Using Nagios Core and NRPE to monitor remote linux hosts

31 / Jul / 2015 by Neeraj Gupta 0 comments


This tutorial requires existing Nagios server to be up and running and root privileges for Nagios server and remote Linux host. Please follow this blog for its setup.

Most of the system administrators write custom shell scripts  to do basic monitoring and sends email in case services crosses defined thresholds, but those scripts can’t provide complete insights of the host being monitored. To achieve this you will need to deploy a robust monitoring system that can provide features like Comprehensive Monitoring, Notification System, Reporting, Escalations, Event Handlers for Automation.

I am writing this blog for continuing adding remote Linux hosts for monitoring in the Nagios server using NRPE daemon. This blog doesn’t include monitoring for Windows host or Network devices.

What is NRPE?

NRPE is a Nagios Remote Plugin Executor, it is used for monitoring remote Linux host services like CPU Load, Current Users, Disk Utilization, Swap Utilization, Memory Utilization. For monitoring, remote hosts, we need to install NRPE agent and update ‘/etc/nagios/nrpe.cfg’ file to allow access to Nagios server on port 5666. By default communication between Nagios server and NRPE agent is secure and uses the SSL tunnel for communication.

NRPE Checks

a. Direct checks: Nagios server directly checks, remote Linux host for local resources like load, disk, swap usage etc. (as shown above)

b. Indirect checks: If Nagios server can not access target remote Linux host, then we can install NRPE on other Linux host and use it to check remote services. (as shown above)

Install NRPE server on Linux Host and NRPE Plugin on Nagios server

1. On Linux Host (Ubuntu)
First of all we will list down nagios-nrpe-server packages available, next install nagios-nrpe-server package as shown below and to check details about the package use the dpkg command as shown below:

[js]aptitude search nagios-nrpe-server
aptitude install nagios-nrpe-server
dpkg -L nagios-nrpe-server[/js]


2. On Nagios server (Ubuntu)
As mentioned above, install nagios-nrpe-plugin on Nagios server, it will install nrpe command on the Nagios server.

[js]aptitude search nagios-nrpe-plugin
aptitude install nagios-nrpe-plugin
dpkg -L nagios-nrpe-plugin[/js]


In order to allow access to Nagios server, add a Nagios server IP to the allowed host (line no 81) in nrpe.cfg located in /etc/nagios/nrpe.cfg. After making changes, restart nagios-nrpe-server on remote Linux host to update changes.

[js]service nagios-nrpe-server reload[/js]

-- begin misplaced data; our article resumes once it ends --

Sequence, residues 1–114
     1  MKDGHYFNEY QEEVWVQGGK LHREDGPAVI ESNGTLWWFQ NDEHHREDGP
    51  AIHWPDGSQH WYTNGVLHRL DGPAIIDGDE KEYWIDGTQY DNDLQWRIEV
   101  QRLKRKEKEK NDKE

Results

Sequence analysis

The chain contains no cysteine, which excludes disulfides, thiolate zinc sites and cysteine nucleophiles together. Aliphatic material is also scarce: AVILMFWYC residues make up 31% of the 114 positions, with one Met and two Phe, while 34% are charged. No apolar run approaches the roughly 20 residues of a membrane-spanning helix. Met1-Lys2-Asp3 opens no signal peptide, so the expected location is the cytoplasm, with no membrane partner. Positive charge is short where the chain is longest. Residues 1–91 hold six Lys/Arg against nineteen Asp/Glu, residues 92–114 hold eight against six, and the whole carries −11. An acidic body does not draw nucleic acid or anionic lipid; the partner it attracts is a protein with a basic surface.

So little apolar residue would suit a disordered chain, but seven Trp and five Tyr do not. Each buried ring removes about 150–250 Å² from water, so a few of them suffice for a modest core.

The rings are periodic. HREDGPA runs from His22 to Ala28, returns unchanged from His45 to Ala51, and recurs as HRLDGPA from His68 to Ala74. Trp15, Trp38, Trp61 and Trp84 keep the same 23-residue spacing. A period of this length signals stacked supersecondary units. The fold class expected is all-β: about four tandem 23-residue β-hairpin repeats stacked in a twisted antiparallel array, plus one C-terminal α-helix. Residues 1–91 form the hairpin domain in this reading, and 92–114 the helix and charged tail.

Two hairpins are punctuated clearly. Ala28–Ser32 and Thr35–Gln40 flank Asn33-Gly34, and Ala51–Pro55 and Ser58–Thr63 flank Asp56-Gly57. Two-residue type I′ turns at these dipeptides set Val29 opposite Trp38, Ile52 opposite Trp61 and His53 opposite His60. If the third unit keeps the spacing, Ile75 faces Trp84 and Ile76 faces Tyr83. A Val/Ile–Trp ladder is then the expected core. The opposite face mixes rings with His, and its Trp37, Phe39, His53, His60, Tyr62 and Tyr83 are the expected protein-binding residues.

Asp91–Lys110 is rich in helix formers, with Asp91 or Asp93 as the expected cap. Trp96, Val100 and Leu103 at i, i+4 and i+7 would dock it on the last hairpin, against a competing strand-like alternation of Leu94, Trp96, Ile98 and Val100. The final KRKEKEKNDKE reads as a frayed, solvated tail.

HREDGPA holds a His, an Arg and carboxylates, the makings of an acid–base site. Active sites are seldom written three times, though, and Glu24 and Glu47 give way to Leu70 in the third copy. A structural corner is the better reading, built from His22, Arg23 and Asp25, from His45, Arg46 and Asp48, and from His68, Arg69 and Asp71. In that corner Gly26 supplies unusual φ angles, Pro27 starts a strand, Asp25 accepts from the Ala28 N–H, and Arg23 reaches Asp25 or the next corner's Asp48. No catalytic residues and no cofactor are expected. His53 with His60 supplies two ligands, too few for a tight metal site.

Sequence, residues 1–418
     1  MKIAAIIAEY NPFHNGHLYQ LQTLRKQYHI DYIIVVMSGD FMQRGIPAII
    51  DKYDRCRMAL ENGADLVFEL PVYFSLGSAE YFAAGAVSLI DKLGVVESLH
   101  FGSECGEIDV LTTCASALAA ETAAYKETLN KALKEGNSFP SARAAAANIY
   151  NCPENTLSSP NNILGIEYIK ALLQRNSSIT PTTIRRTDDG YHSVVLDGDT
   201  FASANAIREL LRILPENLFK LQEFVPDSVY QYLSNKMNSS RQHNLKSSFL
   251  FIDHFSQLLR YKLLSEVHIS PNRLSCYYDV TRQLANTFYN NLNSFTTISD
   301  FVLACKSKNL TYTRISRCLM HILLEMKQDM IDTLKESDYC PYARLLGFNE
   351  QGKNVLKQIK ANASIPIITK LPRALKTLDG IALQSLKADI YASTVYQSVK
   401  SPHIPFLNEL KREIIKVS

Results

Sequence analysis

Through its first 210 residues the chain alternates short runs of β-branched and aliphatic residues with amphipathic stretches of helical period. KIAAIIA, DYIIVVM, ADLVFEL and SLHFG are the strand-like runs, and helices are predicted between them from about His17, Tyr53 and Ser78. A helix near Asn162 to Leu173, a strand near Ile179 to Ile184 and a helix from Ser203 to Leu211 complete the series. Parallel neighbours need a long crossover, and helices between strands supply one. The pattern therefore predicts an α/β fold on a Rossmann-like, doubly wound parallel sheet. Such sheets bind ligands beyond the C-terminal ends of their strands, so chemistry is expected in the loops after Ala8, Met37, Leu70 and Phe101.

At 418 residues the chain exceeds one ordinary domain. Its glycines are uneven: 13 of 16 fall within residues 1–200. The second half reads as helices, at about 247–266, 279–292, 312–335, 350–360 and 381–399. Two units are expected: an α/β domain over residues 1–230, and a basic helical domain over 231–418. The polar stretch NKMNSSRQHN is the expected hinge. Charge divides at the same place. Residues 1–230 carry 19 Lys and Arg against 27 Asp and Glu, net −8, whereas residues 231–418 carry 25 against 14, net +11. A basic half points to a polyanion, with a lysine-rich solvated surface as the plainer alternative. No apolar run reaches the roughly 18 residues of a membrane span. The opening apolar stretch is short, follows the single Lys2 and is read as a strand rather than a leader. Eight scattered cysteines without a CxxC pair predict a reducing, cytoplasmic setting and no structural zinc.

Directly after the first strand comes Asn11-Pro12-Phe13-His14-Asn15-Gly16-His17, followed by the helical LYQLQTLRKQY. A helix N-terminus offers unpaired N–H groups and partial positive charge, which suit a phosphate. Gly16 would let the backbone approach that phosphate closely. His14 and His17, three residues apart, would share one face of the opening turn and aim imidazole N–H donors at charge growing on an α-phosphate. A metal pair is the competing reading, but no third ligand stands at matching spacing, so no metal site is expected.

To validate changes, manually run check_nrpe command from the Nagios server with an IP of remote Linux host to check the version of NRPE installed on a remote Linux host. Commands to try:

[js]/usr/lib/nagios/plugins/check_nrpe -H [/js]

[js]/usr/lib/nagios/plugins/check_nrpe -H -c check_load [/js]

Note: H argument is for specifying Host and c for specifying command to be executed on remote Linux host


Example of NRPE Direct check:

By default nrpe.cfg configurations check disk using check_hda1. In my case drive name is /dev/sda1. So copy and paste above line and update command with the correct drive name(in my case /dev/sda1) and comment out the old line.

[js] command[check_sda1]=/usr/lib/nagios/plugins/check_disk -w 20% -c 10% -p /dev/sda1 [/js]

Note: In the above command arguments w is for warning, c is for critical and p is for partition, we will get warning alert if free space left reaches 20% and critical alert if it reaches 10%. 


To execute nrpe commands using check_nrpe_1arg and “!” is used for passing arguments and in an argument we are passing check_sda1 (command defined on remote Linux host nrpe.cfg to check disk utilization)

After making all the changes, restart Nagios service to make the changes effective.


Example of NRPE In-direct check:

We can monitor URL directly from the Nagios server using check_http, but in order to demonstrate nrpe indirect check I will be monitoring URL from another Linux host as shown below. For this we will update nrpe.cfg on remote Linux host and add new command check_http_indirect.

Once you update nrpe.cfg, try to run the command from terminal to validate we are getting desired output:

After checking manually, add indirect check configuration to the demo.cfg and restart Nagios3 daemon to update changes.

Based upon the check interval defined, in my case 2 minutes, check Nagios3 GUI for updated statistics:

So this is how you can create multiple checks. In coming posts I will demonstrate how to enable custom checks using Nagios NRPE.


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